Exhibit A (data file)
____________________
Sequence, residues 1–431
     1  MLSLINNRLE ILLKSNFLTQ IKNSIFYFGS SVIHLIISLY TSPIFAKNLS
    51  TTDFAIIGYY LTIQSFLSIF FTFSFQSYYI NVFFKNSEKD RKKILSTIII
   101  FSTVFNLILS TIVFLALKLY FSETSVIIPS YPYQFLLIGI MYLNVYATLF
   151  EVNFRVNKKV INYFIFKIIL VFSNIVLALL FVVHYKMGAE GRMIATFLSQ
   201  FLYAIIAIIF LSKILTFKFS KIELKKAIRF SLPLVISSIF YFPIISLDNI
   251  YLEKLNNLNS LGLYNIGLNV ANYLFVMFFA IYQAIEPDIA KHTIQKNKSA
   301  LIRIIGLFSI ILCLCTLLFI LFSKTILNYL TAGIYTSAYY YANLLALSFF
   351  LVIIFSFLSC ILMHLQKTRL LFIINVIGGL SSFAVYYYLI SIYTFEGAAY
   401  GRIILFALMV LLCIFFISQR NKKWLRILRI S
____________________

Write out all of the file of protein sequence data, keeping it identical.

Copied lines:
Sequence, residues 1–431
     1  MLSLINNRLE ILLKSNFLTQ IKNSIFYFGS SVIHLIISLY TSPIFAKNLS
    51  TTDFAIIGYY LTIQSFLSIF FTFSFQSYYI NVFFKNSEKD RKKILSTIII
   101  FSTVFNLILS TIVFLALKLY FSETSVIIPS YPYQFLLIGI MYLNVYATLF
   151  EVNFRVNKKV INYFIFKIIL VFSNIVLALL FVVHYKMGAE GRMIATFLSQ
   201  FLYAIIAIIF LSKILTFKFS KIELKKAIRF SLPLVISSIF YFPIISLDNI
   251  YLEKLNNLNS LGLYNIGLNV ANYLFVMFFA IYQAIEPDIA KHTIQKNKSA
   301  LIRIIGLFSI ILCLCTLLFI LFSKTILNYL TAGIYTSAYY YANLLALSFF
   351  LVIIFSFLSC ILMHLQKTRL LFIINVIGGL SSFAVYYYLI SIYTFEGAAY
   401  GRIILFALMV LLCIFFISQR NKKWLRILRI S